• Buro Jansen & Janssen is een onderzoeksburo dat politie, justitie, inlichtingendiensten, de overheid in Nederland en Europa kritisch volgt. Een grond-rechten kollektief dat al 30 jaar publiceert over uitbreiding van repressieve wetgeving, publiek-private samenwerking, bevoegdheden, overheids-optreden en andere staatsaangelegenheden.
    Buro Jansen & Janssen Postbus 10591, 1001EN Amsterdam, 020-6123202, 06-34339533, signal +31684065516, info@burojansen.nl (pgp)
    Steun Buro Jansen & Janssen. Word donateur, NL43 ASNB 0856 9868 52 of NL56 INGB 0000 6039 04 ten name van Stichting Res Publica, Postbus 11556, 1001 GN Amsterdam.

  • Categorieën

  • Schengen stalls, Prüm ploughs on: fingerprint, DNA and vehicle registration data exchange networks continue to expand

    Discussions on allowing Bulgaria and Romania to join the Schengen area of border-free travel may have been postponed until December, but the EU’s law enforcement authorities will soon start benefitting from easier access to fingerprint and vehicle registration data from the two countries as they move towards fully implementing the Prüm Decisions.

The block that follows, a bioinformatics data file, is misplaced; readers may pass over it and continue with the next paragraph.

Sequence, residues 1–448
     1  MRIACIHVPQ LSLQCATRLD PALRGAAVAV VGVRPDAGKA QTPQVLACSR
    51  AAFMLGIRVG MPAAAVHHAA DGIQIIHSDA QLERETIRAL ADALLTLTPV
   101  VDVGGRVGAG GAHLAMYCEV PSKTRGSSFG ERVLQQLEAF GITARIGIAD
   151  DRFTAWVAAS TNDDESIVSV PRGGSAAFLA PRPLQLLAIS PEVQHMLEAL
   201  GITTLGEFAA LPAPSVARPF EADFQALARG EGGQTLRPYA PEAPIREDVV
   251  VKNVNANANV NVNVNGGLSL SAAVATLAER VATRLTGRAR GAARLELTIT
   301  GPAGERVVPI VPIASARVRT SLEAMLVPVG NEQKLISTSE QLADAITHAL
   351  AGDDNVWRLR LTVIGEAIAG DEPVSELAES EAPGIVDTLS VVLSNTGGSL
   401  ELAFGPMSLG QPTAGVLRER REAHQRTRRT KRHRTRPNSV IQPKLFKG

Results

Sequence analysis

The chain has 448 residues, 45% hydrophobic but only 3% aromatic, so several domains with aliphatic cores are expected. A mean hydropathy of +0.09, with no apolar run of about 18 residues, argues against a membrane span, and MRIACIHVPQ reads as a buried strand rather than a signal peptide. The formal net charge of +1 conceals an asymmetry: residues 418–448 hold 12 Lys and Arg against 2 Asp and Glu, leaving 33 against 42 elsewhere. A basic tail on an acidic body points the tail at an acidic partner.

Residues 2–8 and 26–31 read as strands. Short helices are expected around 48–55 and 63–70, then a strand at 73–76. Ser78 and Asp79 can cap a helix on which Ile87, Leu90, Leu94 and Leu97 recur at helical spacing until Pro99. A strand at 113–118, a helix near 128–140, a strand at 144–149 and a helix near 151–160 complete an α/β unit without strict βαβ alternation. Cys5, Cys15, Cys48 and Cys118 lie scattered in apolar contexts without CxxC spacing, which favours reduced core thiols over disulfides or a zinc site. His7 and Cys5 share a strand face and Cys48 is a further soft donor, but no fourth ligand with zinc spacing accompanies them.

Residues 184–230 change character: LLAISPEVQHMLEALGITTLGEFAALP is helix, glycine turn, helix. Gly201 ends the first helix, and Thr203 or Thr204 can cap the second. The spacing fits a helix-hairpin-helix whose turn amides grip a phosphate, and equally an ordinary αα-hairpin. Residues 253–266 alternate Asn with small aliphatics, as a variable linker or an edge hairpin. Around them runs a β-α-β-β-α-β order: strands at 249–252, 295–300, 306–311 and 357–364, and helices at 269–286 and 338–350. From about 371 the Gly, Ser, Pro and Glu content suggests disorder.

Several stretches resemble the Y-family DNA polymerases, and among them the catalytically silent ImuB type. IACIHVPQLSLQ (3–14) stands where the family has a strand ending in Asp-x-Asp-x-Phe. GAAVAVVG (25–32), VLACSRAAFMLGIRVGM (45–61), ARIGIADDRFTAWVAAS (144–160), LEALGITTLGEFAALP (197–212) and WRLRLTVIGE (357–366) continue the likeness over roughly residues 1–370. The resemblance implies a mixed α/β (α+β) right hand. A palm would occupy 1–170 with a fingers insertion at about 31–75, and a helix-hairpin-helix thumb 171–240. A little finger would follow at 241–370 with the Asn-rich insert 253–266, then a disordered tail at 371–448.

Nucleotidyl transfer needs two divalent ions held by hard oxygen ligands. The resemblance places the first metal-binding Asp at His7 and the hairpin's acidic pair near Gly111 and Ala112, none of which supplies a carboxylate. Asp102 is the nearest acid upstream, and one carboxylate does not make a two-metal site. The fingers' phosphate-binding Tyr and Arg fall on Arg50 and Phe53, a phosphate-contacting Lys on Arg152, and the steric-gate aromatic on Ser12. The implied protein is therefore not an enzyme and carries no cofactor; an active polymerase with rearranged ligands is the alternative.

The Prüm Decisions (Council Decisions 2008/615/JHA and 2008/616/JHA, named after the town in which the original treaties were signed) mandate the exchange of DNA, fingerprint and vehicle registration data (VRD) amongst EU member states. They also permit the exchange of personal data for the prevention of terrorist offences and for joint police operations.

    Last year a Statewatch analysis noted the ongoing difficulties states have had with implementing the “complex, technologically fraught and expensive” Decisions, which are ultimately intended to “overcome lengthy mutual legal assistance bureaucratic procedures by establishing a single national contact point as an electronic interface for automated information exchange.” [1]